Like a little kid craning to see the car’s odometer roll over into the next all-zero milestone, I must admit it excites me every time that happens with my column, which today rolls over to 600. I looked back over the past 11 years and thought it might be fun to chronicle all my other big rollover events.
In my first column on March 21, 1999, I wrote about a smart aleck kid who set up a website giving kids ideas on how they could disrupt class. His parents actually hired a lawyer to defend his right to do it. Who could ever guess back then that technology would advance to the point where the 2010 middle school curriculum included a unit on the most recent form of class disruption known as sexting?
In February of 2001, my 100th column showcased a substitute teacher, Debbie Vickers, who instructed a group of Creekland Middle School students in making baby clothes for a charity called Tiny Stitches. Vickers no longer subs, but continues to volunteer with Tiny Stitches, which makes and distributes more than 2,500 items per month to infants in need.
In January of 2003, column 200 documented a visit to the India Market near Gwinnett Place. Back then, India Market was one of the few Indian stores in the metro area, attracting customers from as far away as Tennessee. The store is no longer in business, but most everything I saw there is now available in any mainstream grocery store.
In December of 2004, I was subbing in an ESOL class at Nesbit Elementary School where I had a chance encounter in the library with Jaime Sarrio, who was then the education reporter for the Daily Post. Column 300 told of how a Newberry Book Award poster prompted a discussion of classic books Sarrio and I both loved as kids. Within minutes, my first-graders, even with their limited English skills, entered the literary discussion.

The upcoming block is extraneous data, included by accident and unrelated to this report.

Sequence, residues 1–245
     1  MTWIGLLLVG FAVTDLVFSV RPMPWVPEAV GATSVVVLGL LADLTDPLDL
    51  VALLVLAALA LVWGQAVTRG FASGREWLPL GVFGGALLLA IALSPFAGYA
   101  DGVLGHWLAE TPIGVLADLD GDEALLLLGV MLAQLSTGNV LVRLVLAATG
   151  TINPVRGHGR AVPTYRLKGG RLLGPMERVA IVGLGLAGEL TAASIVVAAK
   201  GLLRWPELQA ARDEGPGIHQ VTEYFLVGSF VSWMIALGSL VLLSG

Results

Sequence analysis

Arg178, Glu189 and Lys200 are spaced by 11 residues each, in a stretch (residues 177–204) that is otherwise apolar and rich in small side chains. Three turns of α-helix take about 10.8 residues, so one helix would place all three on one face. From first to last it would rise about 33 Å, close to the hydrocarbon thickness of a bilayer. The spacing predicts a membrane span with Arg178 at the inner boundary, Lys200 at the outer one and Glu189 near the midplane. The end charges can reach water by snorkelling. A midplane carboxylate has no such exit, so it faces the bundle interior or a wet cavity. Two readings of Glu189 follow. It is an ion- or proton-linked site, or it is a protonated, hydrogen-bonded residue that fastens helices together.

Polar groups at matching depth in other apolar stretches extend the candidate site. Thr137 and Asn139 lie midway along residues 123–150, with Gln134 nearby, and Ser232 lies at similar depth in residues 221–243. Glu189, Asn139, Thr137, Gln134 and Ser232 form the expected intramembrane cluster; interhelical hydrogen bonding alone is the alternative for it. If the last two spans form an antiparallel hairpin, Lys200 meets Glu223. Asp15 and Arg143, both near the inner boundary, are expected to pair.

Number 400 in 2006 was a column in which I shared a few pieces of random advice. I related that after the summer, when I put on my old jeans, they fit perfectly in the thighs and hips, but somehow I’d developed a little flab in front that wouldn’t let the zipper up. “No problem!” said my friend Joyce. “Simply lie down on the bed. The flab will sink down into your abdominal cavity and the zipper will just slide on up.” After all these years, it still works and thanks to Joyce, I can still “fit” into those same jeans.
In October of 2008, I wrote column 500 about my experience with early voting and all the wonderful people I met during the four hours I waited in line. Though I hadn’t meant for this column to have any purpose other than merely counting my own milestones, in the bigger scheme of things, I think I would be remiss if I didn’t remind everyone that early voting for 2010 in now full swing. Considering all the close calls we had in the primaries, I concede, that unlike my columns, every one of your votes is something really worth counting.
Susan Larson is a Lilburn resident. E-mail her at firstname.lastname@example.org.